What is PMDD?

PMDD stands for Premenstrual Dysphoric Disorder.  This is a condition that causes significant mental and physical upset before women (we’ll use this general term for our purposes today) and AFAB individuals in their reproductive years begin their menses.

Statistical studies indicate that about 1 in 20 women globally suffer from PMDD, and the number is likely higher.  PMDD is often misconstrued as PMS, and there is a significant amount of stigma and ignorance around these issues.

Symptoms of PMDD

PMDD can have its root causes in past trauma or genetic predisposition but can also affect sufferers for no apparent reason.  One unique thing about PMDD is that it typically begins in one’s early to mid-twenties, unlike PMS, which can start early or late and be regular or irregular.

Symptoms of PMDD include:

  • Irritability, tension, and a constant fight-or-flight state.
  • Deep depression and feelings of hopelessness
  • Feelings of guilt and low self-worth, particularly with knowledge of the stigma surrounding menstrual disorders.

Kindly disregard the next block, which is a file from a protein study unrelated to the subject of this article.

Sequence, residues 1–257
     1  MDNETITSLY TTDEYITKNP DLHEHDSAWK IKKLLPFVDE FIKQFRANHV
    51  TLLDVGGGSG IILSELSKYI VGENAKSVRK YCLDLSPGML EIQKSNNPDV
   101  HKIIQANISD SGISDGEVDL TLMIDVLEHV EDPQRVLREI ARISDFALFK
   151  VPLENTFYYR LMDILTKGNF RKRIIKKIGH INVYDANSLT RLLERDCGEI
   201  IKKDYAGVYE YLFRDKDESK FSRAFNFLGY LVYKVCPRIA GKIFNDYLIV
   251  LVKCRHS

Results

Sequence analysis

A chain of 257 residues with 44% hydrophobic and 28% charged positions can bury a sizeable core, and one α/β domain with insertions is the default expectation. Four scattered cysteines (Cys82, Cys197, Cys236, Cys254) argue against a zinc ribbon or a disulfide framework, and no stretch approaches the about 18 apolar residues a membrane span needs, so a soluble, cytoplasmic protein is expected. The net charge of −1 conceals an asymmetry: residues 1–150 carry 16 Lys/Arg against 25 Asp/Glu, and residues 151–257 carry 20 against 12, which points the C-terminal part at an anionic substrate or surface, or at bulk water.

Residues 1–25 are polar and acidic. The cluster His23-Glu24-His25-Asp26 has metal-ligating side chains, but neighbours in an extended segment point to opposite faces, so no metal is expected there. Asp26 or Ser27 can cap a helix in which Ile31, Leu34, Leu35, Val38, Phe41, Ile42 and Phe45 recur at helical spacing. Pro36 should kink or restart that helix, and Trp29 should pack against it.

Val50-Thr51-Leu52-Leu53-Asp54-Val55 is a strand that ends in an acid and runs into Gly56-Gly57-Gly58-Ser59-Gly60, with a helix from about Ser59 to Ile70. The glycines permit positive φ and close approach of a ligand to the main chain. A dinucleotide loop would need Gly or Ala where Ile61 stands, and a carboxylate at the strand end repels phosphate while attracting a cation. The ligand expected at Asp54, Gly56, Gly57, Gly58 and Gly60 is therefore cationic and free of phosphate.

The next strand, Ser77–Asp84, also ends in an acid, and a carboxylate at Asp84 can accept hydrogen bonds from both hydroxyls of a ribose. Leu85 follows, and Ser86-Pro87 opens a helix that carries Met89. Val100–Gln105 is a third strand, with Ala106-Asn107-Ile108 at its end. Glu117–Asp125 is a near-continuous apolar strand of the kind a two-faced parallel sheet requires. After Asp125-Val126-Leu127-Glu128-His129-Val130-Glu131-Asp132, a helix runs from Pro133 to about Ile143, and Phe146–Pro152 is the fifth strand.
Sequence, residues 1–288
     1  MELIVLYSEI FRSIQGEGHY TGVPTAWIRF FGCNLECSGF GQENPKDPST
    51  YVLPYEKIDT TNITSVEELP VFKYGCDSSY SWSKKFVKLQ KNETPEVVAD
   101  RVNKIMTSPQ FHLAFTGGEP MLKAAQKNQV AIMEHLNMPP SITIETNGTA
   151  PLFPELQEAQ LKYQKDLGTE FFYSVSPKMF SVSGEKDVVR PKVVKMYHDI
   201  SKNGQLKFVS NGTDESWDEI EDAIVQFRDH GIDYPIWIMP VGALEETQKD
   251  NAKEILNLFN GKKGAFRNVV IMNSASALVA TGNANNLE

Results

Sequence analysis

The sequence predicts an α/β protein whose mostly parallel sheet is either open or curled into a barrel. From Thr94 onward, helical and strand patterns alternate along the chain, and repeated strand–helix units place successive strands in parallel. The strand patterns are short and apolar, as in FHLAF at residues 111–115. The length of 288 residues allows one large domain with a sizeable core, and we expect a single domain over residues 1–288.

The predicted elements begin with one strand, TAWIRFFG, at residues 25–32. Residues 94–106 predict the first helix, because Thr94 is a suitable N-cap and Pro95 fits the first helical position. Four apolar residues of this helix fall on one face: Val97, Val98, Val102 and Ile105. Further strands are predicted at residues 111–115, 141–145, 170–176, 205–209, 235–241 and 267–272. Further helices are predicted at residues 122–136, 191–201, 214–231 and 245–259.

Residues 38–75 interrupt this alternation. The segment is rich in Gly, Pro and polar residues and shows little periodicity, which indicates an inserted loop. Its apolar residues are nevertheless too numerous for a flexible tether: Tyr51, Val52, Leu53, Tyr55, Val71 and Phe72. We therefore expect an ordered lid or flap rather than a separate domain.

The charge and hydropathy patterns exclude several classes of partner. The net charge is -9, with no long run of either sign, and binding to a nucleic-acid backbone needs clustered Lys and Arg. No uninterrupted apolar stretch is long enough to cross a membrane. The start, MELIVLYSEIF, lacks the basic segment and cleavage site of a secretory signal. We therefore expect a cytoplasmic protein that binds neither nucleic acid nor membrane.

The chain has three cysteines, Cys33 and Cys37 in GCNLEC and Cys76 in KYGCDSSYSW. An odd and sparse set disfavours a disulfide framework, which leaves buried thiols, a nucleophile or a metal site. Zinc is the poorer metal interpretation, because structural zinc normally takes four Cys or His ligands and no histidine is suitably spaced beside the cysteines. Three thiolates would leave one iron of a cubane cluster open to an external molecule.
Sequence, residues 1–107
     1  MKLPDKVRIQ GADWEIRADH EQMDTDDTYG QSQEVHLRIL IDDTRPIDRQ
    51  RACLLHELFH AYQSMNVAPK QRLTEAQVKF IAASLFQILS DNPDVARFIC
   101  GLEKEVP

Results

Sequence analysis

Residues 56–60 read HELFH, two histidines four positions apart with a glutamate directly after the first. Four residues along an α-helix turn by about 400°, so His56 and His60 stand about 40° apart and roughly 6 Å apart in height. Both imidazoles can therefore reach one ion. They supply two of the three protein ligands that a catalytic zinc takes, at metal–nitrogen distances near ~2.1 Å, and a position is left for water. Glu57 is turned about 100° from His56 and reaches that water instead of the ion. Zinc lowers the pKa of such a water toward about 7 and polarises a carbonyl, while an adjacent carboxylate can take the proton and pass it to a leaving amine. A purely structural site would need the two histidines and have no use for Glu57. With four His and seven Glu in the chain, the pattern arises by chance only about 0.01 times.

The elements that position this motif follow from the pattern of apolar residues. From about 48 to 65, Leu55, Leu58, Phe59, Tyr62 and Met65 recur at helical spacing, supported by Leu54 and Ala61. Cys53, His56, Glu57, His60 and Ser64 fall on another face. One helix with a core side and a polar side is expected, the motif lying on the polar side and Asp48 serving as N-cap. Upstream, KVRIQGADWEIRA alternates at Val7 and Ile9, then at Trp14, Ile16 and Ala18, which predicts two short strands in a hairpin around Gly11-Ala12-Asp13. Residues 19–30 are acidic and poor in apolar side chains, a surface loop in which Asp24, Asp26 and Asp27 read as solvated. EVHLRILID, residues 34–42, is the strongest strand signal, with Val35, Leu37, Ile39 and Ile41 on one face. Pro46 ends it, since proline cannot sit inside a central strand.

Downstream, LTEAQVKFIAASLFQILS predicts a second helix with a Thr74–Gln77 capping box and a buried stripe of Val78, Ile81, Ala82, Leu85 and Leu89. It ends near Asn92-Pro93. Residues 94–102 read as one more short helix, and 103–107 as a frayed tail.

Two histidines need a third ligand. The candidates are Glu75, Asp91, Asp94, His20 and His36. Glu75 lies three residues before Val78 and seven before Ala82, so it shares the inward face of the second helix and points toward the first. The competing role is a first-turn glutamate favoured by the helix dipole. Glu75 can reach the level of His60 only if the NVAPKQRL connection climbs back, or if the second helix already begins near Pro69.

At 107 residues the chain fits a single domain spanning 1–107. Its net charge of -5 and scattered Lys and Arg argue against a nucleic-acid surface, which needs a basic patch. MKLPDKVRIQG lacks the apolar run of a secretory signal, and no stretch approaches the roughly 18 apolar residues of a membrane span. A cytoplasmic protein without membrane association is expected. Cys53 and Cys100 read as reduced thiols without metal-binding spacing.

• Mood swings that can occur multiple times a day.
  • Physical ailments like headache, breast tenderness, hypersomnia, fatigue, and more.

Sufferers can develop suicidal ideation from the pain of PMDD, and some turn to substances for relief, especially when the disorder is not recognized or properly cared for.  According to this study, the average woman with untreated PMDD will lose about 3 years of life that would otherwise be of much better quality.

How To Help Someone with PMDD

One of the best things to do to help someone close to you with PMDD is to be kind to them and believe them.  Being dismissive and making a PMDD sufferer feel invalid is the opposite of helping.  Make sure that they know that they can trust you.  Encourage them to visit the doctor for help, not to “find out what’s wrong with them.”  Antidepressants, hormone treatments (like contraceptives), dietary changes, and cognitive behavioral therapy (CBT) have proven helpful for many sufferers of PMDD.

Regaining Your Quality of Life

One of the first steps to getting help is to believe oneself.  Take note of what symptoms occur, when they set in, and how they affect everyday life.  Contact us with any questions, and always be sure to see a general physician first to explore causes and get recommendations.